UPDATE 6 August 2022:

I got no response, so sent in a new OIA request for the data and survey. I then got a phone call. They are 6-8 weeks away from publishing the NIWA HGMP scallop fishery survey results (so my request for those will be declined). Aggregated Electronic Catch and Position Reporting (ER/GPR) data would be available if I provided a specific time frame and area. The data could be provided visually E.g. a heat map. I have done this.

I was also informed that the conversation around management options for the scallop fisheries is internal, management options will not be made public but will be provided to the Minister in several months.

UPDATE 6 September 2022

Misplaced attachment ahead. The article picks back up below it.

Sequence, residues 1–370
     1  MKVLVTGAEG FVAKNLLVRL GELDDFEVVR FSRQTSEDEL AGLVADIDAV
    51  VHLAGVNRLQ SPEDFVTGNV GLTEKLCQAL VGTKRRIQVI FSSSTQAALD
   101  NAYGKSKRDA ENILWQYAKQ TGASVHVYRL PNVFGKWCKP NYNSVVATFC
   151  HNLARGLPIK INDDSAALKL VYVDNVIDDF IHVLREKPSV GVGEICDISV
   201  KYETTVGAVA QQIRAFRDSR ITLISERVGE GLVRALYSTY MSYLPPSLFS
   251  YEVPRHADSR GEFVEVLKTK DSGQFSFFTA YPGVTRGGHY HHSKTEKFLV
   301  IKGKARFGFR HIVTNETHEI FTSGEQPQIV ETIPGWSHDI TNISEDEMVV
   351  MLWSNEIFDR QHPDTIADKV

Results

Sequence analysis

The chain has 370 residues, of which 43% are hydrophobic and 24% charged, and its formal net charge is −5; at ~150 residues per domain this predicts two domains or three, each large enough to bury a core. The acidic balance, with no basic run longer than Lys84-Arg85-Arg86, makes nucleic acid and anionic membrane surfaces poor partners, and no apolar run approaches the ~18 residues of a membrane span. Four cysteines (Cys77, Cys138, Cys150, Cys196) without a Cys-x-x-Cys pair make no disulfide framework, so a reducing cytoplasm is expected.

I received a response to my OIA request (Heatmap A, Heatmap B). I have added the dredged areas together and removed the proposed HPA’s, SPA’s and CPZ’s to calculate the percent of the HGMP that will be ‘frozen’ under the Governments plan to ‘revitalise the Gulf‘. More than 20% of the Gulf will remain heavily impacted by commercial dredging with no public input into the decision.

Update 28 September 2022:

The cost to create $774.1km2 of Marine Protection Areas in the plan (assuming they are no-take) to 11 commercial fish species was calculated to be $3,436,014. If we crudely scale up the figure for the gains to snapper / tamure alone based on this paper we get $209,710,000. Or a net gain of more than 200 million dollars! This is an incredible number, MPAs would not be adding so much money to commercial fisheries if they did not manage fish levels at such incredibly low numbers. Clearly Fisheries New Zealand should be making MPAs (at speed) all around NZ.

Update 28 October 2022:

Our painfully detailed submission on the marine protection proposals.